Blackberries are such jolly fruit, their tiny juice sacs begging for pearly whites to burst them into juice. The inky nectar is a seductive blend of deep sweet-tart flavors, the flesh that encases it a counterpoint of gentle crunch.
Both the color and taste are prized in beverages, desserts and jams. The vibrant flavors lend excitement to yogurt, mixed green salads or cooked grains, as well as game, pork and grilled tofu. They are a welcome addition to cheese platters and smoothies, fruit salads and cocktails.
The alluring taste and texture is beguiling, but keep in mind that these berries, bless their little hearts, have very impressive nutritional value. They are the most nutrient-dense fruit on the planet according to the Nutrient Balance Indicator, a trademarked analysis that illustrates nutrient density in fruits and vegetables.
Blackberries are concentrated sources of the phytochemical ellagic acid, which acts as a powerful antioxidant. Quercetin, one of the main antioxidant compounds in berries and especially prevalent in blackberries, protects against cancers. It also works best in combination with vitamin C, and blackberries coincidentally are higher in vitamin C than many other fruits.
And my oh-so-mature noggin appreciates that the compounds in blackberries and other berries have demonstrated a capability to reverse defects in memory, cognition and motor function, especially as connected with aging.
When buying: Look for berries that are fragrant without any mold or mushiness. Dark black color is best because purple or dark red may be a sign that they were not ripe when harvested (they don’t ripen once plucked from the vine). If packaged in a container, look at the pad underneath the berries; if it looks saturated with dark juice, choose another container. Or if berries stick together when container is tilted, it could be a sign that there is mold and deterioration. Store unwashed berries in single layer in shallow container; cover loosely with plastic wrap and refrigerate.
They are perishable, so if not using within a 3 or 4 days, freeze them. To freeze, place in a single layer on rimmed baking sheet and freeze; once frozen, transfer to zipper-style plastic freezer bag – push out air, seal and return to freezer. Use frozen or defrosted berries in cooked dishes because there is a texture change when frozen and thawed.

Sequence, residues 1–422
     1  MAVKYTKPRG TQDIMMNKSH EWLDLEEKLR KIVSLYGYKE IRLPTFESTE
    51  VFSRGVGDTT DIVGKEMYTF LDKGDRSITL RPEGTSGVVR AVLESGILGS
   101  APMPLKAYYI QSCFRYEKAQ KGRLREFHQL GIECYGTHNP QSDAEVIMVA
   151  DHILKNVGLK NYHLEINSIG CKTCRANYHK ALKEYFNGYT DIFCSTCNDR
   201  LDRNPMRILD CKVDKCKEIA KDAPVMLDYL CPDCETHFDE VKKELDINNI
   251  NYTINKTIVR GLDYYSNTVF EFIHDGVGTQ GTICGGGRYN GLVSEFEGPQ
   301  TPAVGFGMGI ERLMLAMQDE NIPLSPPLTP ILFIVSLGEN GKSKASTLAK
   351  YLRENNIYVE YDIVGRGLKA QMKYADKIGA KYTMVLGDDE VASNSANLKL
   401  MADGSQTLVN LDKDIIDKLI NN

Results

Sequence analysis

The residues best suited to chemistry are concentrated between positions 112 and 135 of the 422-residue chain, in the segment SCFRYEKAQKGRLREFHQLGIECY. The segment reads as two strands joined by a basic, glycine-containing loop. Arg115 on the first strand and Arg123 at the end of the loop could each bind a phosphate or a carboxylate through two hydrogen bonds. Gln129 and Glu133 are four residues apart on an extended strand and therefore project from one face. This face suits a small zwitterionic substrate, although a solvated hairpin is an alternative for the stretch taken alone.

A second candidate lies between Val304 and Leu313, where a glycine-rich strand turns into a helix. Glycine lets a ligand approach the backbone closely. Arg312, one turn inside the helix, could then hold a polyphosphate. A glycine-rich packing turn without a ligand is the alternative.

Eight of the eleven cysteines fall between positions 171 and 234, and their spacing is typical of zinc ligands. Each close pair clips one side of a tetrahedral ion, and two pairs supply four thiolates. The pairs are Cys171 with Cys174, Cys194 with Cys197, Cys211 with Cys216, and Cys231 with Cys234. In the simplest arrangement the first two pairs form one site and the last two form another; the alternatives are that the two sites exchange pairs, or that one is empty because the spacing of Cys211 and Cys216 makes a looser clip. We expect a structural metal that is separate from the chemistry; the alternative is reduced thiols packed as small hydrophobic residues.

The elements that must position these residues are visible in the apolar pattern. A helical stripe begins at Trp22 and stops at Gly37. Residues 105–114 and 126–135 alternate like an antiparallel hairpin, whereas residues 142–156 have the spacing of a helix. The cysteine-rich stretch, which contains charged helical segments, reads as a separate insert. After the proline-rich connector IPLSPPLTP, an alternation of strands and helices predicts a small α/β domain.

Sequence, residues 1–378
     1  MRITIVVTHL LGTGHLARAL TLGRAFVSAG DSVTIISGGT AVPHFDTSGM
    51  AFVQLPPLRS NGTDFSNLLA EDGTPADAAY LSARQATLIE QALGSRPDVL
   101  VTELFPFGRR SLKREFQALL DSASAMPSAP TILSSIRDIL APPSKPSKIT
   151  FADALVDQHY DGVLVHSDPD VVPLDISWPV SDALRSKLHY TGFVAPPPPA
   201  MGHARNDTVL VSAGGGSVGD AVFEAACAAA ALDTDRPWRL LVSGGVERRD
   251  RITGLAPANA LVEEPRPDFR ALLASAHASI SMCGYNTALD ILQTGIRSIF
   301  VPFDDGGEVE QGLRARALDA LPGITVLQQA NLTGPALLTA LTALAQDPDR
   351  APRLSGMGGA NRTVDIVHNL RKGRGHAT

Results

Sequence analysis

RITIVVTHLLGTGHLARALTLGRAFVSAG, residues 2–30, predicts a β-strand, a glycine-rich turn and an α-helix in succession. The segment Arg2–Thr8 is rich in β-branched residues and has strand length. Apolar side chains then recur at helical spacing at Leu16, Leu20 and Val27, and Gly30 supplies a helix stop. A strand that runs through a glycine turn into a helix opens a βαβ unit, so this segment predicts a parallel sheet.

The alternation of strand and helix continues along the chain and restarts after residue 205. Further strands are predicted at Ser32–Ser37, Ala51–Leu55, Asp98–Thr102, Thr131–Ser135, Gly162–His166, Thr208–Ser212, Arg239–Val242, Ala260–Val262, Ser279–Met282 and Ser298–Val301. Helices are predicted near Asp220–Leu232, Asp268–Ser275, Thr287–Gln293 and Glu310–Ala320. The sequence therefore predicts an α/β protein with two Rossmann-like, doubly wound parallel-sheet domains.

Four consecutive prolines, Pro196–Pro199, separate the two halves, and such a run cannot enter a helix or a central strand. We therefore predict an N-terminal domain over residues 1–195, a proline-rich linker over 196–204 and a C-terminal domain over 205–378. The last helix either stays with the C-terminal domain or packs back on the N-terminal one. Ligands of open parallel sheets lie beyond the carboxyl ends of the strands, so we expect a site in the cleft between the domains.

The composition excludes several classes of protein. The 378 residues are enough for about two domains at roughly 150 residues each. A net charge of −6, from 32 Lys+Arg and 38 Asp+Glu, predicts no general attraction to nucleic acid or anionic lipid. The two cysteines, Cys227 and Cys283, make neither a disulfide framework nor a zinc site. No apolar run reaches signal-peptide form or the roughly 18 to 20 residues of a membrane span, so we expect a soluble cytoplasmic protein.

Wash briefly with cold water just before using. Drain, then place on paper towels or clean kitchen cloth to absorb water.
Mixed Green Salad with Blackberries, Candied Walnuts and Feta
Yield: 6 servings
2 tablespoons white balsamic vinegar
1 tablespoon fresh orange juice
1 teaspoon coarse salt, plus more to taste
1/4 cup extra-virgin olive oil
1 tablespoon minced fresh basil
10 ounces mixed baby greens
2 to 3 cups fresh blackberries
5 ounces crumbled feta, see cook’s notes
1 cup candied walnuts or pecans, such as Emerald Glazed Walnuts
Freshly ground black pepper
Optional garnish: halved orange slices
Cook’s notes: If you prefer substitute crumbled blue cheese for the feta. Or use grated smoked Gouda cheese.
1. Prepare vinaigrette: Whisk vinegar, orange juice, and salt in small bowl or glass measuring cup with a handle. Add oil in a slow, whisking constantly. Stir in basil. Set aside.
2. Put mixed baby greens, blackberries, feta, and nuts in salad bowl. Stir vinaigrette and drizzle on salad. Gently toss. Season with salt and pepper to taste. Divide between salad plates and if desired, garnish with halved orange slices.
A financier is a petite French cake that is light, moist and not too sweet. The lovely flavor is derived from the addition of brown butter and almond flour. To make the flour, sliced almonds are ground with all-purpose flour in a food processor. Adding fresh blackberries makes them even more tempting.
Yield: 24 to 28
1/2 cup plus 5 tablespoons unsalted butter
1 cup (packed) sliced almonds
1/2 cup all-purpose flour
1 1/2 cups plus 2 tablespoons powdered sugar; additional for dusting
5 large egg whites
2 tablespoons honey
Nonstick vegetable oil spray
About 2 cups fresh blackberries, halved
Optional for serving: sweetened whipped cream or French vanilla ice cream
1. Melt butter in a medium saucepan over medium heat. Simmer until browned bits begin to form. Continue to simmer, frequently scraping up browned bits at bottom of pan, until fragrant and dark brown but not burnt, 6 to 7 minutes. Scrape butter and all browned bits into a medium bowl. Let cool for 3 to 4 minutes.
2. Meanwhile, process almonds and flour in a food processor until nuts are finely ground. Transfer to a medium bowl; add 1 1/2 cups plus 2 tablespoons powdered sugar and stir with whisk to combine. Add egg whites; mix until smooth with whisk. Stir in honey.
3. Fold browned butter into batter. (For make-ahead preparation, this batter can be made 3 days ahead and refrigerated well-sealed.)
4. Arrange a rack in middle of oven; preheat to 375 degrees. Coat mini muffin cups with nonstick spray. Pour 1 generous tablespoon batter into each prepared muffin cup. (To make this easier I use a 1-tablespoon ice-cream scoop that I fill to almost overflowing.) Top with 2 to 4 blackberry halves, bumpy side up. Bake until cakes are golden brown and just cooked through, 15 to 16 minutes. Cool in pan for 10 minutes. Remove cakes from pan. Serve warm or at room temperature. Dust cooled cakes with powdered sugar just before serving.
Source: adapted from Bon Appetit magazine
(I love this little dish. My mother gave it to my when I was ten. She purchased it when she and my father took a Canadian vacation. Yellow flowers were always her favorite.)